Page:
Statistical data of the Jewish religious schools, Book

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Full Title:

Statistical data of the Jewish religious schools of Baltimore, Maryland and Pittsburg, Pennsylvania

Excerpt:

The Gratz College of Philadelphia, in furtherance of its general purpose of preparing teachers for Jewish religious schools and stimulating religious instruction, published, in 1907, statistical data of the Jewish Religious Schools of Philadelphia. Believing that progress in the direction of Jewish education, as well as in any other undertaking, depends largely upon a knowledge of existing conditions, it was decided to extend this inquiry to the neighboring city of Baltimore and to the second largest city in the State of Pennsylvania, Pittsburg, and the results of the inquiry are here presented. It is hoped that similar investigations will soon be made as to the status of Jewish elementary education in other centres of Jewish life in this country.

The editor desires to make grateful acknowledgment to all who have aided in bringing this material together, and especially in Baltimore to Mr. B. H. Hartogensis and Mr. Morris A. Rome, and in Pittsburg to Rev. Dr. Rudolph I. Coffee, who have given much time and labor to this work in their respective cities.

The Gratz College of Philadelphia, in furtherance of its general purpose of preparing teachers for Jewish religious schools and stimulating religious instruction, published, in 1907, statistical data of the Jewish Religious Schools of Philadelphia. Believing that progress in the direction of Jewish education, as well as in any other undertaking, depends largely upon a knowledge of existing conditions, it was decided to extend this inquiry to the neighboring city of Baltimore and to the second largest city in the State of Pennsylvania, Pittsburg, and the results of the inquiry are here presented. It is hoped that similar investigations will soon be made as to the status of Jewish elementary education in other centres of Jewish life in this country.

The editor desires to make grateful acknowledgment to all who have aided in bringing this material together, and especially in Baltimore to Mr. B. H. Hartogensis and Mr. Morris A. Rome, and in Pittsburg to Rev. Dr. Rudolph I. Coffee, who have given much time and labor to this work in their respective cities.

It is estimated that there are 50,000 Jews in Baltimore City, of whom the largest number lives in the congested district East of Jones’ Falls. To provide for these there are 34 schools, in which a total enrollment of 2,845 is given by the official figures submitted herewith. It is obvious that not sufficient provision is made for those whose attendance at schools or Chedorim may be expected. Geographically considered, it appears that there are large numbers of boys and girls of the school age in the North- western residential section, in the Southern district and in the Western suburbs near Pulaski Street unprovided for.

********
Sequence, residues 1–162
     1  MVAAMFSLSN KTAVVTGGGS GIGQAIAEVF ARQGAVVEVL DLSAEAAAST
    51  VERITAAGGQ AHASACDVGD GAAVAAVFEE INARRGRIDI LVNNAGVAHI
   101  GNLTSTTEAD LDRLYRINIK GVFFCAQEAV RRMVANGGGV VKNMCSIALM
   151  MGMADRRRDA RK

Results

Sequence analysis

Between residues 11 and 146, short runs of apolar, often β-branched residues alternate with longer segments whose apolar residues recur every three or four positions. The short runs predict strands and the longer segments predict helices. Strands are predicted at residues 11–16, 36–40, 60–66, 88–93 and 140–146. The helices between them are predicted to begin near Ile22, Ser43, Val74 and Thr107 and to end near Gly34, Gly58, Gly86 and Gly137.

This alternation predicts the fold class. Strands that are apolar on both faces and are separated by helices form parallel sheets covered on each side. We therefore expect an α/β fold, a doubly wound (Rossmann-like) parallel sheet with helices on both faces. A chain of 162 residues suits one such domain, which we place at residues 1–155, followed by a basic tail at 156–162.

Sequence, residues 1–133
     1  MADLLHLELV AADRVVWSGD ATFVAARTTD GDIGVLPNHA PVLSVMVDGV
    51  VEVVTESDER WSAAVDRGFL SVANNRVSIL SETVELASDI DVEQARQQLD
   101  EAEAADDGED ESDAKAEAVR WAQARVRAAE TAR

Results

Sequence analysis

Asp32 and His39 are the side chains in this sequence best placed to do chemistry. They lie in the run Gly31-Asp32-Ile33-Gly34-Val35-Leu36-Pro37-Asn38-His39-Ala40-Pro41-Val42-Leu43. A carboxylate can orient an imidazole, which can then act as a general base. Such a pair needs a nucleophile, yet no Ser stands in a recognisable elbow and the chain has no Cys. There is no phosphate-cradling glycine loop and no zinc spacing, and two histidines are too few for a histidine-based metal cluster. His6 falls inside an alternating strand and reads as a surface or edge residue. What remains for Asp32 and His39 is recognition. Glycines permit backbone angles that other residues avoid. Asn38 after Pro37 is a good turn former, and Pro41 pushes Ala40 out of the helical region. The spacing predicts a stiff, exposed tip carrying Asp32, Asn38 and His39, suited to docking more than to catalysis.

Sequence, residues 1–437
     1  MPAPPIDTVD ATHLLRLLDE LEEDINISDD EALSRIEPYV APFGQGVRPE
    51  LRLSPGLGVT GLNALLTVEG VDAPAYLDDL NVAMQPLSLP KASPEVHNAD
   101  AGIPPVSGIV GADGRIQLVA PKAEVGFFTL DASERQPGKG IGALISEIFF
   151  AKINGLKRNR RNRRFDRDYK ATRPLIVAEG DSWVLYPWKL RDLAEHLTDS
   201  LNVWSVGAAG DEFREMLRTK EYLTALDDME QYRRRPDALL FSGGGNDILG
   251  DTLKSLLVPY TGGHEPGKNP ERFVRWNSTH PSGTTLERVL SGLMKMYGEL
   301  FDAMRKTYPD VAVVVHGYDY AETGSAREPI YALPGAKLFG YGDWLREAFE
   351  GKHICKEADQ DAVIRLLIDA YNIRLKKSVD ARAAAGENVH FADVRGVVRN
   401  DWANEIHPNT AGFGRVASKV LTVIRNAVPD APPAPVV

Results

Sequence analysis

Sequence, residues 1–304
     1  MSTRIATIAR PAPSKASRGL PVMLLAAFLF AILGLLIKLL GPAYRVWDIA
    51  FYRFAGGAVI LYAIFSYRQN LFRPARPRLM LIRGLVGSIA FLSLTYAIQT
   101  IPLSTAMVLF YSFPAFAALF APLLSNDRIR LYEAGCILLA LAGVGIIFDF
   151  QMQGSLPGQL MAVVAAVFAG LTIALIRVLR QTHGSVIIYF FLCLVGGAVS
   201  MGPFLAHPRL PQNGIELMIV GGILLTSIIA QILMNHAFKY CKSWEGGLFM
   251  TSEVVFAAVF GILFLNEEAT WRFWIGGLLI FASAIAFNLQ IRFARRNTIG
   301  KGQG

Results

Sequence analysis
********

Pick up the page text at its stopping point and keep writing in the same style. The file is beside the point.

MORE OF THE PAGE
There is no Sunday School Society in Baltimore and there are no Sunday Schools, saving the Frank Free Sabbath School, although the Council of Jewish Women does maintain Bible Classes and Study Circles; the Daughters in Israel conduct services every Sabbath afternoon, except in the summer, for some 400 children, while the Hebrew Education Society, at its building on Sabbath morning and holidays, has services for about 200 more; the Talmud Torah Free School Society is inaugurating model Sabbath services under its newly installed superintendent, Rabbi E. N. Rabinowitz, in its amply large and attractive hall; yet it is said there is room for more such services, while none are provided outside of the congested districts on the East side.

The Talmud Torah has a new well-equipped building, a capable superintendent in Rabbi Rabinowitz, a graduate of the Jewish Theological Seminary, and an adequate corps of teachers. The Hebrew Education Society, with its fifty years of prestige, is likewise fortunate in quarters and ten teachers. Dr. S. Benderly, the superintendent, has achieved national distinction for conducting at this building a model school in which, beginning with the children at tender ages, Hebrew is taught as a living language, much after the Yellin method. The Sabbath Schools conducted by the congregations, to which Rabbis Rosenau, Guttmacher and Rubinstein respectively minister, are well equipped, have a corps of competent teachers and get good results, though instruction is limited to but once a week.

The Hebrew Education Society conducts a training school for intending teachers, but provides no course for regular teachers. B. H. H.

Source Citation:

Greenstone, Julius H. 1909. Statistical data of the Jewish religious schools of Baltimore, Maryland and Pittsburg, Pennsylvania. Philadelphia: Gratz College. https://catalog.hathitrust.org/Record/009572902

Cite this page:

Julius H. Greenstone, Gratz College. 1909. "Statistical data of the Jewish religious schools, Book." History of Higher Education. https://higheredhistory.gmu.edu/primary-sources/statistical-data-of-the-jewish-religious-schools-book/